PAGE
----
z-score is still an important idea, it's just not a necessary tool anymore to get from one set of information to a desired new piece of information. A lot of math teachers over the past few decades railed against calculators, that the students were incapable of doing anything by hand. The teachers have a point, but they may be fighting a battle that is far behind the times. Calculators themselves may be getting out of date now that computers are so ubiquitous. It's a little like someone arguing that we should return to vinyl records and stop using compact discs when a growing number of young people look on CDs as an out of date technology, preferring the easier MP3 standard to move their music from a computer to a player or back.
To the outside world, math may seem like an unchanging edifice, handed down to us by great minds now long dead. But math at the forefront, seen by only a handful of people around the world, is most definitely still changing. More to the point of this post, math education, which effects nearly everyone at some time in their lives, is in a constant state of flux, and some advances which are clearly progress still come with a cost.
Yay, Flags Of Many Lands™!
Yay, New Caledonia!
Like French Guiana and Martinique, New Caledonia is still a outpost of French colonialism, but at least the New
Caledonians get their own flag.
Before this, the only thing I knew about New Caledonia was that it was an important destination for the getting of cool stuff on the TV show
McHale's Navy.
Bienvenue, mes
amis!
~
4 comments:
:O
National math test scores continue to be disappointing. This poor trend persists in spite of new texts, standardized tests with attached implied threats, or laptops in the class. At some point, maybe we should admit that math, as it is taught currently and in the recent past, seems irrelevant to a large percentage of grade school kids.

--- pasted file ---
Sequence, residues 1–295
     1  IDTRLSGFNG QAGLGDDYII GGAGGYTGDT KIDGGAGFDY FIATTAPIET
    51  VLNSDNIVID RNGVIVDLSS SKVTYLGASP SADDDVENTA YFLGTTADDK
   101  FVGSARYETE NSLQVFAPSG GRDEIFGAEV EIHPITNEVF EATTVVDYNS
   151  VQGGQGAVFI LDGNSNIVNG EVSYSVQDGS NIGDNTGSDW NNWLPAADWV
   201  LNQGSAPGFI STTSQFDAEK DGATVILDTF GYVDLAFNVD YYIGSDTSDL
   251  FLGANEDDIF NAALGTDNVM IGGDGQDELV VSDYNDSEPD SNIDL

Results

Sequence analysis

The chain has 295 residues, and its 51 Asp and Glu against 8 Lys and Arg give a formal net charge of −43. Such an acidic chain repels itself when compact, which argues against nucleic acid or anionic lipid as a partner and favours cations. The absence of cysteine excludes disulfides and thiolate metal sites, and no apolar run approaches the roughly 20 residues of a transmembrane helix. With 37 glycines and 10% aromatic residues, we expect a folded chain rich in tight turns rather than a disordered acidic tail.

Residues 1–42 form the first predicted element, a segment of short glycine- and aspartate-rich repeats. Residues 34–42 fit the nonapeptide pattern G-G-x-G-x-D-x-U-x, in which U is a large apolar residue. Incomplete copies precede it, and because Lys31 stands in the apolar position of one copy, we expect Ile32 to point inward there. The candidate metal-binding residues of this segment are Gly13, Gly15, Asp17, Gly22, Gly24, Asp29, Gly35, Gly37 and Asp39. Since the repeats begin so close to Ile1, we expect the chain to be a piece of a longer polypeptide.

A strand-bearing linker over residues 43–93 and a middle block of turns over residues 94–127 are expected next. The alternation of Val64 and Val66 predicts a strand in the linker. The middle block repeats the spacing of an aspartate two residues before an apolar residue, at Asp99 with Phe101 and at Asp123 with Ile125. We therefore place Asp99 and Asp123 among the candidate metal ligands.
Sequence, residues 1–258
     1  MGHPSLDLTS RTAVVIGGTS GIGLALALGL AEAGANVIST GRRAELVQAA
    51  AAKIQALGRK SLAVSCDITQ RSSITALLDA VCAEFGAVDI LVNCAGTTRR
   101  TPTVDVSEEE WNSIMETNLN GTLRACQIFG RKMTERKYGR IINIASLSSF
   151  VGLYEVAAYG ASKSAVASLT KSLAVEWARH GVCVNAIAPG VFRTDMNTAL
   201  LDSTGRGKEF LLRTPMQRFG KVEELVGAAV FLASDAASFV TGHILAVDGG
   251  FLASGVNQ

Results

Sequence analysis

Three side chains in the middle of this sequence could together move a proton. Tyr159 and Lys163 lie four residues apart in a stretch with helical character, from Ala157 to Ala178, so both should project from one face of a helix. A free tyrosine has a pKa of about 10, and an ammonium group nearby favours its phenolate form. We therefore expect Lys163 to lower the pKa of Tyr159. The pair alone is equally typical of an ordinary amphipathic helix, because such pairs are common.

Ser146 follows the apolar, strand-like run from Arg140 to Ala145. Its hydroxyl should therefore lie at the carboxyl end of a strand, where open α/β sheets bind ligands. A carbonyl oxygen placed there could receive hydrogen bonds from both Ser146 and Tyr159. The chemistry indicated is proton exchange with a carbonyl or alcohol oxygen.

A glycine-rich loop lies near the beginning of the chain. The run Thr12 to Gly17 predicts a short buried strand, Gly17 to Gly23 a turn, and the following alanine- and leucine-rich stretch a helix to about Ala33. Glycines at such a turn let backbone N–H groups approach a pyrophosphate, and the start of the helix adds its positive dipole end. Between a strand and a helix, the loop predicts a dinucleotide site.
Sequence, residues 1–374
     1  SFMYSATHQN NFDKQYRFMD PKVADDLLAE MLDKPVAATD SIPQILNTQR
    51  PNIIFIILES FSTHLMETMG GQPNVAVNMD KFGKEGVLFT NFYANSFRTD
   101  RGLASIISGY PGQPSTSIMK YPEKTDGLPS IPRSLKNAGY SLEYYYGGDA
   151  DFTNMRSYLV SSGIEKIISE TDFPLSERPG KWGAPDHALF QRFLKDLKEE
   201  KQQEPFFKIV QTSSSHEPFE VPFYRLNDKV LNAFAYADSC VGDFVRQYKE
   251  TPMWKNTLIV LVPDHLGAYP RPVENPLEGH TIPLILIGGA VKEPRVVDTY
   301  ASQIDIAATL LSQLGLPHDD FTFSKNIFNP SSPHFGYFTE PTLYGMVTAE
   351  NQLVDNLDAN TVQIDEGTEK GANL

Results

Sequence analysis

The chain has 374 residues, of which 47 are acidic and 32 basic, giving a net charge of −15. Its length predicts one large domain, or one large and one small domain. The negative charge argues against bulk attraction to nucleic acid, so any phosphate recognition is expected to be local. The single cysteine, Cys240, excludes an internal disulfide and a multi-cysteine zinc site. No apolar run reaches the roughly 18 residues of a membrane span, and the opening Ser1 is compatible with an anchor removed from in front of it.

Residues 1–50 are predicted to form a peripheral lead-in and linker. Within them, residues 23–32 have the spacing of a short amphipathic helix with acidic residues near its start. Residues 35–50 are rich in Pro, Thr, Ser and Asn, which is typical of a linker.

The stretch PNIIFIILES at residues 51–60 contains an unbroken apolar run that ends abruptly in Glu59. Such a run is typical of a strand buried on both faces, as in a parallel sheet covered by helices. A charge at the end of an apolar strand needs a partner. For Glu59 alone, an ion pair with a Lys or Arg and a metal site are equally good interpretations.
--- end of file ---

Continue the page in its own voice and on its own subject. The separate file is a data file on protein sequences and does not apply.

Why blame a sixth grade student or teacher trapped by meaningless lessons? Teachers are frustrated. Students check out.
The missing element is reality. Instead of insisting that students learn another sixteen formulae, we need to involve them in tangible life projects. And the task must be interesting.
A Trip To The Number Yard is a math book focusing on the building of a bungalow. Odd numbered chapters cover the phases of the project: lot layout, foundation, framing, all the way through until the trim out. The even numbered chapters introduce the math needed for the next stage of building and/or reviews the previous lessons.
This type of project-oriented math engages kids. It is fun. They have a reason to learn the math they may have ignored in the standard lecture format of a class room.
If we really want kids to learn math and to have the lessons be valuable, we need to change the mode of teaching. Our kids can master the math that most adults need. We can’t continue to have class rooms full of math drudges. Instead, we need to clandestinely teach them math via real life projects.
Alan Cook
info@thenumberyard.com
www.thenumberyard.com
Thanks for posting, Alan. I do think we have to re-think the math curriculum, but it isn't always "reality" that trumps all. Some people love puzzle math for the challenge of it. Some but not all of them become good students.
There are a lot of people who aren't connecting in math class, but we also need to recognize the students who can ask the next interesting question. That's where mathematicians come from, and it is a completely different problem than raising overall test scores.
having lots of college interns around - and having a job where math (and some basic statistics) is needed - it never ceases to amaze the lack of mathematical skills in our young working age population